Finally, if none of that works. Try to really, really carpool for at least six months. During that time get a secured credit card to help boost your credit score so that you can qualfiy for a decent car loan but still on a very low-priced used car.

Hope this helps.

One issue is capital vs operating expenses. A family may have a budget for monthly/annual expenses, but generally has a limit on how much it can borrow to purchase a house. While most states have separate capital vs operating budgets, the federal government does not. And just imagine if they had to get through even more budget legislation! I don't know if it's currently true, but for many years, although the federal government was running a deficit, it was not for its operating expenses.

Good points.

Just a comment, but as someone who heard complaints from furloughed workers that they couldn't pay their bills, while talking on their brand new iPhone 5s and carrying their Louis Vuitton or Coach handbags, I wish that the government could somehow REQUIRE people to save money for their "needs" on the proverbial rainy day before spending it on frivolous "wants". Seems to me that that's a just a good use of the "nanny" state than taxing soft drinks or banning trans fat.

I see where you are going with this. However, I don't think the government should make people save. Heck they can't handle the money they get.

And we often focus on phones or expensive bags or pricey coffee people buy but those expenses percentage-wise are so small when it comes to people's budgets. People aren't struggling financially because they have an iphone or get coffee at Starbucks. It's the larger and more expensive choices they make -- spending too much to go to college and as a result racking up major student loan debt, or spending too much on housing (sometimes by no fault of their own because housing in certain areas is CRAZY), or not keeping their cars until they are on a first-name basis with the local tow truck driver, or marrying the wrong person and then getting a divorce resulting in financial issues, etc.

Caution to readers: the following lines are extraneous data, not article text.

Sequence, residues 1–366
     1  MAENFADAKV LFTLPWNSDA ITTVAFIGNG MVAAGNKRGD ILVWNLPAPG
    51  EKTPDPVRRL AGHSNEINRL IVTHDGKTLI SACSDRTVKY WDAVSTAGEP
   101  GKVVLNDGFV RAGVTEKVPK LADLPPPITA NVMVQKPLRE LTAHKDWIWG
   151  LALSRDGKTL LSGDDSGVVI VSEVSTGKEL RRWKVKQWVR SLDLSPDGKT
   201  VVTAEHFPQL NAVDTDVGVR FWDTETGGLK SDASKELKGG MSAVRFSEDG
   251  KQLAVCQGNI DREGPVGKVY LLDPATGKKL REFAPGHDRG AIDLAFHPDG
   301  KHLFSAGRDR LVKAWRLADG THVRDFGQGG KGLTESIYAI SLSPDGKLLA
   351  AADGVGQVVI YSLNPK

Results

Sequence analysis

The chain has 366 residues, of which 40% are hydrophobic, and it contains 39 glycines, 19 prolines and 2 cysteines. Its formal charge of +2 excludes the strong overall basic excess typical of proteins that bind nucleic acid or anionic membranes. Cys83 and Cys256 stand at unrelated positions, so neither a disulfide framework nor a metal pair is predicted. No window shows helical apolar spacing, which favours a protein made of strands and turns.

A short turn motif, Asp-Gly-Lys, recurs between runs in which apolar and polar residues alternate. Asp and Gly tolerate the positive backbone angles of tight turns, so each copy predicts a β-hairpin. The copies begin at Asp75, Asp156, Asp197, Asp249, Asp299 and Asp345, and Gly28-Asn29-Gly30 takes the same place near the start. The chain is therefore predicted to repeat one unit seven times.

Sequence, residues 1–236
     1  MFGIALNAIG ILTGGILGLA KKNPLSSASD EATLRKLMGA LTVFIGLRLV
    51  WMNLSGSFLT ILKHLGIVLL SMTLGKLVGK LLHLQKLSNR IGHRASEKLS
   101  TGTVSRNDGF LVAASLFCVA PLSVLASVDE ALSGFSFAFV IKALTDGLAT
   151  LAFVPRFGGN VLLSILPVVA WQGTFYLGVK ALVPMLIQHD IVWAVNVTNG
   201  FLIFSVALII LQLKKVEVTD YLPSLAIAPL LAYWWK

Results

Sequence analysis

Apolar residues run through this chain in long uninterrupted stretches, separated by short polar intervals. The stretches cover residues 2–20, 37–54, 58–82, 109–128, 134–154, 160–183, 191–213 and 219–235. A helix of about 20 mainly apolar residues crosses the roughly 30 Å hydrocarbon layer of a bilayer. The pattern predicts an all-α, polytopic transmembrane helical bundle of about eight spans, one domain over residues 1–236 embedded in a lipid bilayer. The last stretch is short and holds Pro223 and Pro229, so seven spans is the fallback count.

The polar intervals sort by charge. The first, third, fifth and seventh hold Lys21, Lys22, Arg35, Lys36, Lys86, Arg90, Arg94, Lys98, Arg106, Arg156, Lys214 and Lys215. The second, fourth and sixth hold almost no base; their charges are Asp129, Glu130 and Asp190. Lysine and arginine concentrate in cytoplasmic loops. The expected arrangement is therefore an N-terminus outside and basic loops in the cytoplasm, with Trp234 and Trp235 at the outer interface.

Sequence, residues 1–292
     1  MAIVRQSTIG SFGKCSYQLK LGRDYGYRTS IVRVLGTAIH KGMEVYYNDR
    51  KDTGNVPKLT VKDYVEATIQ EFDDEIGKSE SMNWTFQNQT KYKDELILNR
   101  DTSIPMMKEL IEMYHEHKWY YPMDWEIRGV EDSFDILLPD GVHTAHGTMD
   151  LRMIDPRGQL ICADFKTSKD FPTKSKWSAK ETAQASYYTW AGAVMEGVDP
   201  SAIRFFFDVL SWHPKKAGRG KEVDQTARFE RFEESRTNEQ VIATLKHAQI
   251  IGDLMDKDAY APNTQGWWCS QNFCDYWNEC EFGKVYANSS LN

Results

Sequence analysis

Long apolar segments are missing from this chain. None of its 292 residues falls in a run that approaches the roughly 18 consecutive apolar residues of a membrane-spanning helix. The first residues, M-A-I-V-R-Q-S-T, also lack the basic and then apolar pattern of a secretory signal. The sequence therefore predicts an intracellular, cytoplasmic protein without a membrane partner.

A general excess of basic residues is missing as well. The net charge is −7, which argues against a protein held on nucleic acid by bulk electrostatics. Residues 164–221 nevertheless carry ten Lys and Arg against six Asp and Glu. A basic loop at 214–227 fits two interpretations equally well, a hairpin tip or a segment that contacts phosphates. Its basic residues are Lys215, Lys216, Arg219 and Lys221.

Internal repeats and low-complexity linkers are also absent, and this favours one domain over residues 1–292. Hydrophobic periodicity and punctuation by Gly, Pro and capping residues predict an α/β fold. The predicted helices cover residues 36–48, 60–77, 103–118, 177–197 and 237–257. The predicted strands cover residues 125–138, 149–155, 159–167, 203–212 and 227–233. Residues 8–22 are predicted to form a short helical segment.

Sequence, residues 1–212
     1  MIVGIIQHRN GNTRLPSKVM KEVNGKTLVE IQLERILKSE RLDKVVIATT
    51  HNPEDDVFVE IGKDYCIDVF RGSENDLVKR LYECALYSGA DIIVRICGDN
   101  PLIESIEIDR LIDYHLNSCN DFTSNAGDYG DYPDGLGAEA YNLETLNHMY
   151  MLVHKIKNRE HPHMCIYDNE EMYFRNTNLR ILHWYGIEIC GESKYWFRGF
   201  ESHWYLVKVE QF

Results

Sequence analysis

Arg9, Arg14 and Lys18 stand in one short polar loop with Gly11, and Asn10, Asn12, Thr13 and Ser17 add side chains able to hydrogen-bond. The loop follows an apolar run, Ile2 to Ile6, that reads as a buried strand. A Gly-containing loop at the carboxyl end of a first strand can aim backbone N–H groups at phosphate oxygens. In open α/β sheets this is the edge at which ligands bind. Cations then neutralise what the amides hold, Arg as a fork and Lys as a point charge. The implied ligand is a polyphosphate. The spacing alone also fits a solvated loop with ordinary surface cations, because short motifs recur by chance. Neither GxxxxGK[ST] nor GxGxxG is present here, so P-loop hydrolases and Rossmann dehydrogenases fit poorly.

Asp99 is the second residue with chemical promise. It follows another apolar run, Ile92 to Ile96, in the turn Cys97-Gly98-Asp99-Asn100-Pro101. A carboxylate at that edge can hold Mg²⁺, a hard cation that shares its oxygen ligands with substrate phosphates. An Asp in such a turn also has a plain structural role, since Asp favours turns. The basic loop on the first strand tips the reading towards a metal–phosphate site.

See where I'm going?

So in those cases, we need to be compassionate. Life happens. People get sick and don't have enough insurance or insurance. They make bad choices. 

But then we have to help them make better choices. Help them get back up financially and show them how to save because it gives them better choices.

If you have student loan debt, you have a credit history. Absolutely, pursue a car loan with a credit union.

This is true, but it stll might now have helped to raise the person's score to a level to get the best car deal.

Nonetheless, be sure you actually know your credit score. And again, try to find a lender that will work with you.

This exact problem is why so many young people have trouble finding and keeping decent jobs. When I was a recent grad I had to pass up jobs because I had no way to get to them. Not every area has public transportation, and not every graduate has parents who can help them out.

You are right. So then you have to become creative. Or make certain choices. That's life. 

I'd really urge the LW to look into whether she can join a credit union. Many will offer loans with low interest rates, especially if she agrees to automatic deductions. If I were her, I'd try to carpool for a while, build up a good down payment, then get a good used car.



I know this isn't a long run solution but it can actually be helpful for your co-worker - especially if you can give a possible end date. Find out how much your parents can "give" you, figure out how much you can save. I'm looking at cars right now and if you apply yourself are some great deals on old models.

More good advice.

I like the idea of not ruling out carpooling. Talk to the co-worker or other co-workers. Maybe somebody could use some extra money so offer to pay a certain amount for the transportation help until you can save up for a car of your own.